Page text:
Hüsker Dü

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For other uses, see Husker Du (disambiguation).
Hüsker Dü
Origin Saint Paul, Minnesota, United States
Genres Alternative rock, hardcore punk, punk rock, post-hardcore
Years active 1979–1988
Labels Alternative Tentacles, New Alliance, SST, Warner Bros.
Associated acts Sugar, Nova Mob
Past members Grant Hart
Bob Mould
Greg Norton

Hüsker Dü /ˈhʊskərˈd/ was an American rock band formed in Saint Paul, Minnesota in 1979. The band's continual members were guitarist/vocalist Bob Mould, bassist Greg Norton, and drummer/vocalist Grant Hart.

Hüsker Dü first gained notability as a hardcore punk band, later crossing over into alternative rock. Mould and Hart split the songwriting and singing duties.

Following an EP and three LPs on independent label SST Records, including the critically acclaimed Zen Arcade (1984), the band signed to Warner Bros. Records in 1986 to release their final two studio albums.

Mould released two solo albums before forming Sugar in the early 1990s, while Hart released a solo album on SST and later formed Nova Mob. Norton has been less active musically since Hüsker Dü's demise and has focused on being a restaurateur.

History[edit]

Formation and early years[edit]

The members of Hüsker Dü first performed together when Grant Hart, Bob Mould, Greg Norton and keyboardist Charlie Pine began playing together in 1979[1] in a band called Buddy and the Returnables.[2] At the time, Mould was a freshman at Macalester College, and frequented Cheapo Records, a St Paul record store where Hart was a sales clerk. Hart and Norton had originally met while applying for the same job, which Norton eventually got. Hart and Mould bonded over a shared love of Ramones, and soon after enlisted Norton and Pine to form a band. They were soon gigging, playing mostly cover songs, some classic rock, and frequent Ramones tunes. Unbeknownst to Pine, the remaining band members disliked the sound of the band with Pine's keyboards and began practicing without him, writing a few originals.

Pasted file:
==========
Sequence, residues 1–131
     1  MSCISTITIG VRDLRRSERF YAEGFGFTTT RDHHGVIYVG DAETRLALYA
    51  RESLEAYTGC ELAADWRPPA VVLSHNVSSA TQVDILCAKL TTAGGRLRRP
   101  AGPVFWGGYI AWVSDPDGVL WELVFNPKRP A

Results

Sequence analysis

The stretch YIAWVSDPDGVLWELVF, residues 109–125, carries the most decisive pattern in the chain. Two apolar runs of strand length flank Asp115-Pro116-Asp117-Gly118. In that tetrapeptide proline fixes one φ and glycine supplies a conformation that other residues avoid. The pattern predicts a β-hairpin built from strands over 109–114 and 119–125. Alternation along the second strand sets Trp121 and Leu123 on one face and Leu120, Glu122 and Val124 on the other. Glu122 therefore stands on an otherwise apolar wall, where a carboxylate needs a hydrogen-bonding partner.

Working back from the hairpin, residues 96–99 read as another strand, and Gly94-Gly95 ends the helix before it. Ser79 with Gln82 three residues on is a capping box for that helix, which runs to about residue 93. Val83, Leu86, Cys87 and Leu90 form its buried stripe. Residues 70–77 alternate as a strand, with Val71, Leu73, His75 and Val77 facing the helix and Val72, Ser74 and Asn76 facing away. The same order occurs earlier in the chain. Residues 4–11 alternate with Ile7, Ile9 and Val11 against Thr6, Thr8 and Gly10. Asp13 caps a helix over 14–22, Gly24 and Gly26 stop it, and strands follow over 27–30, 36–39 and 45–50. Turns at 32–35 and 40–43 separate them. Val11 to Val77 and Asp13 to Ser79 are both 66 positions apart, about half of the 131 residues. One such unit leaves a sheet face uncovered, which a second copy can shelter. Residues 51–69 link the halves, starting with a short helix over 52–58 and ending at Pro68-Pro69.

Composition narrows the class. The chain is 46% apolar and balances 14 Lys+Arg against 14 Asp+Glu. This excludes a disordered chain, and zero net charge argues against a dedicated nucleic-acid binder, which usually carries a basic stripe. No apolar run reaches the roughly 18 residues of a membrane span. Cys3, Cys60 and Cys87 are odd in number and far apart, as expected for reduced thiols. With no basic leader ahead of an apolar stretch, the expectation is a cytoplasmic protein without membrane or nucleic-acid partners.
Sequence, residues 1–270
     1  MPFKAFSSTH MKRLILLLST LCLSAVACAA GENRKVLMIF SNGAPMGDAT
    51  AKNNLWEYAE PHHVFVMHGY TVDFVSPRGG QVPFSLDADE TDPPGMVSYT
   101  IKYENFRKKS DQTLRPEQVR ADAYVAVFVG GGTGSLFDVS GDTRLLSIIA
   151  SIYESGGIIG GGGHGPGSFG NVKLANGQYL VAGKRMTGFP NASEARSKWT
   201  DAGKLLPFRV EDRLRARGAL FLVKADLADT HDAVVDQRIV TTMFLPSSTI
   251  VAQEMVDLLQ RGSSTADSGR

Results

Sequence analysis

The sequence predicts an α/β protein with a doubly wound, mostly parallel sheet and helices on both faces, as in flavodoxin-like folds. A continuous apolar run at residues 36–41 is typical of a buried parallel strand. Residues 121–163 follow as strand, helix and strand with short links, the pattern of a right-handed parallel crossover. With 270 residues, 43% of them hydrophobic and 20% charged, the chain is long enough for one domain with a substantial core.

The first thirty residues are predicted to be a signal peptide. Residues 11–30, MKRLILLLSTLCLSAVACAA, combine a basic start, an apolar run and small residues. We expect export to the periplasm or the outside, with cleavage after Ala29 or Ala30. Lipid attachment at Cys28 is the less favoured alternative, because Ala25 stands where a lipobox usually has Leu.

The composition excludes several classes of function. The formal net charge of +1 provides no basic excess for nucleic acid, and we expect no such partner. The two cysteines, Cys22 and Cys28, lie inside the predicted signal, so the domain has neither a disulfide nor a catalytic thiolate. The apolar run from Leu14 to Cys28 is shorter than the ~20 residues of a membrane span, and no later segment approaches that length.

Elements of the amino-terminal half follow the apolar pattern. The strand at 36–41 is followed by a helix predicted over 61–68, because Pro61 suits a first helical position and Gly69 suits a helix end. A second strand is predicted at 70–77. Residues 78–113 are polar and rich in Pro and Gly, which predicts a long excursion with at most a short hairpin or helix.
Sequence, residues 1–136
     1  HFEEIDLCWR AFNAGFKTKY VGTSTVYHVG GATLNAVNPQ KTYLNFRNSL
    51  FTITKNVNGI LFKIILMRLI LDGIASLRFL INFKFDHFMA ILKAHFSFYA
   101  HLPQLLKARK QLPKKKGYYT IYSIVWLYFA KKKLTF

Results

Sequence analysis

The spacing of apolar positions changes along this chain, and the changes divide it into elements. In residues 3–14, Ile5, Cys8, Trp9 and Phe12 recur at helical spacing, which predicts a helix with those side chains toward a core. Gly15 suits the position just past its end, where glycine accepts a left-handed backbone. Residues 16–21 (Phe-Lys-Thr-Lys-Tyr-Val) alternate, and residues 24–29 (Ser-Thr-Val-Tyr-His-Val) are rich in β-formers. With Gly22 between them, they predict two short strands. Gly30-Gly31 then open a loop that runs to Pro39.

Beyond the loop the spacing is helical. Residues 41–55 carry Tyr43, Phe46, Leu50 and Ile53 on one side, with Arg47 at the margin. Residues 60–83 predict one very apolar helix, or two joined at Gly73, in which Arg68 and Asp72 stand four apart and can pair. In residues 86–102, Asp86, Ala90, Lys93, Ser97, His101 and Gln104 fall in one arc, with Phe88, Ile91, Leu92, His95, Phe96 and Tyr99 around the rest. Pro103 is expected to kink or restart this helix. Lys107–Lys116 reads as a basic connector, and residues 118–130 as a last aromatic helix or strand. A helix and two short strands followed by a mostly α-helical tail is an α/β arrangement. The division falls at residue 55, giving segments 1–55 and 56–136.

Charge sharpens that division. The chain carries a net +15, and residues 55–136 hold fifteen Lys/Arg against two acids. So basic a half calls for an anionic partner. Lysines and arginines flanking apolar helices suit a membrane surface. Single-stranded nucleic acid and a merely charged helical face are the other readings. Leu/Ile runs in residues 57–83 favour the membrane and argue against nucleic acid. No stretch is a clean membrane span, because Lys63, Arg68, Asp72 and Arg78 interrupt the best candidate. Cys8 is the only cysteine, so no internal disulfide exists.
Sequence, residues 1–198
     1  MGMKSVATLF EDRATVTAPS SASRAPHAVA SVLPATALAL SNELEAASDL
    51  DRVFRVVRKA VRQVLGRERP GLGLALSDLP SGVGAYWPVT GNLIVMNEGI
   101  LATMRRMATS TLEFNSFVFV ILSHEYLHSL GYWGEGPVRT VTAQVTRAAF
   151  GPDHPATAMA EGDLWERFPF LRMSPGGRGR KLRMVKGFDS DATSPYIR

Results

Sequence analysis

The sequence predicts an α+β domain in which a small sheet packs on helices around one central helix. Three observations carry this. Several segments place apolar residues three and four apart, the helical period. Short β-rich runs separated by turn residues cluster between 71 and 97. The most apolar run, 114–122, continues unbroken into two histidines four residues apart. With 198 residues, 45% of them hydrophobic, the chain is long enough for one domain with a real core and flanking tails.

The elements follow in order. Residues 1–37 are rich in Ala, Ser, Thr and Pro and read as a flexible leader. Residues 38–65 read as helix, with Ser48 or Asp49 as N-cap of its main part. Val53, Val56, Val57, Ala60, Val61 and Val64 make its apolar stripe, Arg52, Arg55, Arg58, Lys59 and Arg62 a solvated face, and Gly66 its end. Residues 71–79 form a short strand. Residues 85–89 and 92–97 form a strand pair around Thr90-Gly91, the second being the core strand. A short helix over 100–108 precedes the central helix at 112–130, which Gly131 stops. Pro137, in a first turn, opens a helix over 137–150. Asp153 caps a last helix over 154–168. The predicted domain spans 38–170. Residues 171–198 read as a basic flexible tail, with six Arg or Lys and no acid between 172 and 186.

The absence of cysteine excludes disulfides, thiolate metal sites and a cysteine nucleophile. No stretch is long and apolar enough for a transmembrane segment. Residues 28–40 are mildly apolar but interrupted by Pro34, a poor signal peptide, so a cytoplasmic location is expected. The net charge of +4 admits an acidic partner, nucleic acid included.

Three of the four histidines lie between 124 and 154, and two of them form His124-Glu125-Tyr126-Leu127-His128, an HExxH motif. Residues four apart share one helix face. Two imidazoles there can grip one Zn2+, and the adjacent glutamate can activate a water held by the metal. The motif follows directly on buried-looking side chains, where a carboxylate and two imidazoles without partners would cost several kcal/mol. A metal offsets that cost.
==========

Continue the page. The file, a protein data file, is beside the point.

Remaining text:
The new name originated in a rather sloppy rehearsal of the Talking Heads' "Psycho Killer". Unable to recall the French portions sung in the original ("qu'est-ce que c'est"), they instead started shouting any foreign-language words they could remember, including the title of the popular 1970s memory board game Hūsker Dū? (meaning "Do you remember?" in Danish and Norwegian). The name stuck, and they proceeded to add heavy metal umlauts to it. Mould has commented that they liked the somewhat mysterious qualities of the name, and that it set them apart from other hardcore punk groups with names like "Social Red Youth Dynasty Brigade Distortion".[3] Mould also reported that while Hüsker Dü enjoyed much hardcore punk in general, they never thought of themselves as exclusively a hardcore group, and that their name was an attempt to avoid being pigeonholed. Hart, Mould, and Norton fired Pine during their first official performance, on March 30, 1979, and continued as a trio under the new name.